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2014 AIA Housing Awards for Architecture

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The AIA Housing and Custom Residential Knowledge Community established this awards program to emphasize the importance of good housing as a necessity of life, a sanctuary for the human spirit, and a valuable national resource. The categories are (1) One- and Two-Family Custom Residences, (2) One- and Two-Family Production Homes, (3) Multifamily Housing, and (4) Specialized Housing. View all 2014 AIA Awards Recipients.

Category One: One- and Two-Family Custom Residences

Informal House

Informal House

  • Koning Eizenberg Architecture, Inc.

The family of four pictured a sustainable indoor/outdoor lifestyle that took advantage of the sites features - an encircling 16' high hedge, a recently remodeled studio/garage (by another architect), mature shade trees, orchard and pool.

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Kicking Horse Residence

Kicking Horse Residence

  • Bohlin Cywinski Jackson

The clients desired a weekend gathering place for their active family of five that would allow for flexibility to accommodate larger groups of family and friends and provide a direct connection to the outdoors for seasonal recreation. The clients appreciated the intimate scale and warmth of traditional mountain lodges, but wished to explore the possibility of creating a Modernist cabin more rooted in their Scandinavian heritage that connected directly to the landscape.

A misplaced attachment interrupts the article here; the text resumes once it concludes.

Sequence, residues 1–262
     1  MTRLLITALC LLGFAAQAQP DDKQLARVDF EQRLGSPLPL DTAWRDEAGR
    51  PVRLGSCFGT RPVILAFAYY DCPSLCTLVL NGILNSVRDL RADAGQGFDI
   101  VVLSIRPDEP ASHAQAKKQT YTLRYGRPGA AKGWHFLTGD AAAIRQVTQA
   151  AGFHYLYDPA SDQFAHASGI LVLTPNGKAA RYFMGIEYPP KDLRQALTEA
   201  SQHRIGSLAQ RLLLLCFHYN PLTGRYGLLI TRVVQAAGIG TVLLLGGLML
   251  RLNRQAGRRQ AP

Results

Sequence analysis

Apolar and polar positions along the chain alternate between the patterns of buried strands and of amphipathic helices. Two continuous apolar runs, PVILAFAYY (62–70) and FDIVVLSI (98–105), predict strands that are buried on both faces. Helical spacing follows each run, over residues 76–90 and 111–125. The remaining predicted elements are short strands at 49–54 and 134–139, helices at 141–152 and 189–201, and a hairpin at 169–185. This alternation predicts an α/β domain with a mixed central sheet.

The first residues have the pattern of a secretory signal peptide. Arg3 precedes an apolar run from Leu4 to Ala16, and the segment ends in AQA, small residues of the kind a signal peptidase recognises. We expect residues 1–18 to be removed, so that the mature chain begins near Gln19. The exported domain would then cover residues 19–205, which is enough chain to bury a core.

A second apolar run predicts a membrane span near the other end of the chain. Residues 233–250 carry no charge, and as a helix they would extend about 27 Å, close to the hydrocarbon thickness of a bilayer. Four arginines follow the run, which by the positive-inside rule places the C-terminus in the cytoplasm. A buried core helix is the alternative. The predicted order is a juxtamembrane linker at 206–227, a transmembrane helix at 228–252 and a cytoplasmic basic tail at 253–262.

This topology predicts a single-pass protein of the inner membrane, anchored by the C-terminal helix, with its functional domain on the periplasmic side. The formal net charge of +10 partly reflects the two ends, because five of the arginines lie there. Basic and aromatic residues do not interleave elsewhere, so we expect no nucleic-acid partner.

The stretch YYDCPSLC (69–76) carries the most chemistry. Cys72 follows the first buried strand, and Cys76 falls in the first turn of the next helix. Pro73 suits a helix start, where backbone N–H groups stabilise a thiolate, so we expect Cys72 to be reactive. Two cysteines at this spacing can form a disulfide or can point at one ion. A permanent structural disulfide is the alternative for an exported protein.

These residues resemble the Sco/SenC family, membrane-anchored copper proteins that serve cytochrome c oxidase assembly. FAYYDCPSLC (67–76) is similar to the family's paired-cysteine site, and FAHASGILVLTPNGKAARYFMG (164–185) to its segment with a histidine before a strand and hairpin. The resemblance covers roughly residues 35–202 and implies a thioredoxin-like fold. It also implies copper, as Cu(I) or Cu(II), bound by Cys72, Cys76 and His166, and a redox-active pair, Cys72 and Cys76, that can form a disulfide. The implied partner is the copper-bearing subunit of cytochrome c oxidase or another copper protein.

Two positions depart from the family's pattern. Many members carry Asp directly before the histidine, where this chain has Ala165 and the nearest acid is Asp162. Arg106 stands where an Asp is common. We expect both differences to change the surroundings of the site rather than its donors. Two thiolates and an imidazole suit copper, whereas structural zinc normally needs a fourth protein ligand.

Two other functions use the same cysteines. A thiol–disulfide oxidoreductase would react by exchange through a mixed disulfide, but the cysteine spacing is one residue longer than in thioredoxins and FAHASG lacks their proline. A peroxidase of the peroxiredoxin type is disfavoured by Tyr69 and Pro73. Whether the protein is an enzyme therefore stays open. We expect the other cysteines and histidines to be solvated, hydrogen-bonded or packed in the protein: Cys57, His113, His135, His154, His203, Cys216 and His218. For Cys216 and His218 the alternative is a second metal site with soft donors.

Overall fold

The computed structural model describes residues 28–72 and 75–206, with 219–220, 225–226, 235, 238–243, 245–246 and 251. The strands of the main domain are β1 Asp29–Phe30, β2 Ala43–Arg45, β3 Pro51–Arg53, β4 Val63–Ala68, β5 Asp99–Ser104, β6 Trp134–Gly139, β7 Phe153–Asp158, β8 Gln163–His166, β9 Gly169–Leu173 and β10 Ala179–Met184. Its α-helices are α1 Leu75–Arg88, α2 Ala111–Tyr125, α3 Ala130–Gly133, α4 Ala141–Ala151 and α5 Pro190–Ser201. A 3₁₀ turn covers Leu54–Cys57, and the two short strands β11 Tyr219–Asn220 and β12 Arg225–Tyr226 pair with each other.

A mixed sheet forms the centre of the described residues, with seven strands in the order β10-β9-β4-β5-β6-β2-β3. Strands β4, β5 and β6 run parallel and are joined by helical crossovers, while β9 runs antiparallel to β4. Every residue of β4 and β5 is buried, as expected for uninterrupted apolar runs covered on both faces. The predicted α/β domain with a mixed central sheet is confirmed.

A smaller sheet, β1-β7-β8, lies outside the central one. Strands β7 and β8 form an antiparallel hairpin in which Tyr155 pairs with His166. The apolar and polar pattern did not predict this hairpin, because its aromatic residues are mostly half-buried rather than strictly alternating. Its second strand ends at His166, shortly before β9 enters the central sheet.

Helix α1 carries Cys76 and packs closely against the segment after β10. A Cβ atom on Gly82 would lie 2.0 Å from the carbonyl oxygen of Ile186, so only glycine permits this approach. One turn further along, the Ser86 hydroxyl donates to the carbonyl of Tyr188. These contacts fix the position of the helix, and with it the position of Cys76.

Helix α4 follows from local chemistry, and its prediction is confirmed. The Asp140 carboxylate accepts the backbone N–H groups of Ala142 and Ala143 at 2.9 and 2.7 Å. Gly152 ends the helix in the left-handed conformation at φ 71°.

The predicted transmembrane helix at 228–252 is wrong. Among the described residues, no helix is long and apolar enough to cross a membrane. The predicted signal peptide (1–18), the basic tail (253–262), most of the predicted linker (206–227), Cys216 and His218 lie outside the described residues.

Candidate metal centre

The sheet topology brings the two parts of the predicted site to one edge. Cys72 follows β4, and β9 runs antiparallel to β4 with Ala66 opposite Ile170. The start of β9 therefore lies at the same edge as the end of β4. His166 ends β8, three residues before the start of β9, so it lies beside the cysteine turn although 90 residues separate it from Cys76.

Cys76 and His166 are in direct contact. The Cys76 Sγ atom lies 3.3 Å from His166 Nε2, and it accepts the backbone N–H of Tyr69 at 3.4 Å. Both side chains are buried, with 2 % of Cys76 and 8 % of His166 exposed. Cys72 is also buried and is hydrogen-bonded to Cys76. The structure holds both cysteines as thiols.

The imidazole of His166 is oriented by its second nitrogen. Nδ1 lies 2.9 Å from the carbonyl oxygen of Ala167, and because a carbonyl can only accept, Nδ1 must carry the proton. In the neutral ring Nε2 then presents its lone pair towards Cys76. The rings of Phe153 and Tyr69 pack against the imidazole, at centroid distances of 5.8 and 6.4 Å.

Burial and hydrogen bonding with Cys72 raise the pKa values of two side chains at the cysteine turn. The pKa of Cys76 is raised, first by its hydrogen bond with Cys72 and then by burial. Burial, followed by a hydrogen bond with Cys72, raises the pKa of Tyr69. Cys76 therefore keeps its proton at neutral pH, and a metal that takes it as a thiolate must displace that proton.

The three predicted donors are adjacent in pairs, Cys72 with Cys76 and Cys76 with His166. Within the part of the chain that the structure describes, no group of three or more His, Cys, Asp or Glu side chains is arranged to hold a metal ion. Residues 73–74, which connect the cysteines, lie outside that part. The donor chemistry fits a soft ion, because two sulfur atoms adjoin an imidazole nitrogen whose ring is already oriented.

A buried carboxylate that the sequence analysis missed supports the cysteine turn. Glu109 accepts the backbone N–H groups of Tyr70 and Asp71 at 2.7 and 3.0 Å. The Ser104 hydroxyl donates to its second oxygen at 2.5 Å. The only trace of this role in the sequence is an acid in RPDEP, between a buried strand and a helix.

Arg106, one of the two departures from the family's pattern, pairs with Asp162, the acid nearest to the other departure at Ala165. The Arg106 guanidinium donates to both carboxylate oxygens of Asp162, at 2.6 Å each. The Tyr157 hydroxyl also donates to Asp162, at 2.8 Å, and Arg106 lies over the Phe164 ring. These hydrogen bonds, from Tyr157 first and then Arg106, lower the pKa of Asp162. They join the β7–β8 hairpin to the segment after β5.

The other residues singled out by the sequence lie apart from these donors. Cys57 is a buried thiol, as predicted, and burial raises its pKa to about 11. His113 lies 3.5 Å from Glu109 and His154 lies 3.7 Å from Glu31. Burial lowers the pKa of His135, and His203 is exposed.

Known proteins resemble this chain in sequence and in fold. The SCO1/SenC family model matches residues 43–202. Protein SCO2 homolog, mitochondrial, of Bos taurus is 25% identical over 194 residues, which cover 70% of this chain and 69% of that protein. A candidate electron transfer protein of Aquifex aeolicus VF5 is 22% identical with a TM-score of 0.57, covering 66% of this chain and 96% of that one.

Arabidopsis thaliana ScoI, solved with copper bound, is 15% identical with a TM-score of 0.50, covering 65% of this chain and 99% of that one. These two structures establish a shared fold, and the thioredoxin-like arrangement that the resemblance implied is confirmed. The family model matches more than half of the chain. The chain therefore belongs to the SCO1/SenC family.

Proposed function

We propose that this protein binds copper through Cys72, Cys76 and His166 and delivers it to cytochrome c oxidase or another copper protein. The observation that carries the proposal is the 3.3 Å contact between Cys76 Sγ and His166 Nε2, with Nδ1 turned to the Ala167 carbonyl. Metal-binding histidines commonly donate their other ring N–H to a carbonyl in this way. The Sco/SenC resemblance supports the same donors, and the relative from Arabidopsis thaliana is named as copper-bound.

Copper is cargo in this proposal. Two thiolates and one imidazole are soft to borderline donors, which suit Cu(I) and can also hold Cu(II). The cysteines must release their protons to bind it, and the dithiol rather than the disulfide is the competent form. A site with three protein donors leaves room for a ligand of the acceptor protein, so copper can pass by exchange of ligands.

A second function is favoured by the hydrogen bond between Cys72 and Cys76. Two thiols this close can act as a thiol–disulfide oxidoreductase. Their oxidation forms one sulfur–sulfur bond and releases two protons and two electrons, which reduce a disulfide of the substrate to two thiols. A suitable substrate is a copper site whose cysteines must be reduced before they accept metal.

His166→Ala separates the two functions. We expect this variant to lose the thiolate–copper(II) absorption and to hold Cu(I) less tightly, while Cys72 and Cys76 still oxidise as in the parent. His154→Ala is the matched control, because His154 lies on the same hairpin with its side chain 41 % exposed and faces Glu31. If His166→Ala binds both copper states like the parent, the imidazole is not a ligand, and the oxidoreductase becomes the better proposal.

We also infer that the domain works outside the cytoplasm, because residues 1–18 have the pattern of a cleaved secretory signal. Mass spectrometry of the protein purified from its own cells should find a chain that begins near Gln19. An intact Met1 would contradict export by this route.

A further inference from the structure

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Park Passive

Park Passive

  • NK Architects

This home is an environmentally responsible solution, mastering density while offering its occupants a bright, private, livable residence. Passive House certification was achieved, enabling the homeowners to use 90% less energy to heat and cool the home. And the living space includes four bedrooms plus a play-area that overlooks the kitchen and living space and a loft space adjacent to the master that doubles as a workout/office space. 

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Sol Duc Cabin

Sol Duc Cabin

  • Olson Kundig Architects

Built for a client who fly-fishes for steelhead, the overall design responds to the owner’s desire for a compact, low-maintenance, virtually indestructible building to house himself and his wife during fishing expeditions. The cabin’s rugged patina and raw materiality respond to the surrounding wilderness while its verticality provides a safe haven during occasional floods from the nearby river.

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Topo House

Topo House

  • Johnsen Schmaling Architects

After living for two decades in an old converted church in downtown Madison, the couple, both avid bikers, decided to relocate to the countryside to be closer to nature and have direct access to Wisconsin’s expansive network of bike trails. The house is built around a palette of sustainable and highly durable materials to make this a “house for life,” featuring an envelope that is designed to endure the continuous onslaught of the Midwest’s severe weather conditions and extreme temperature fluctuations.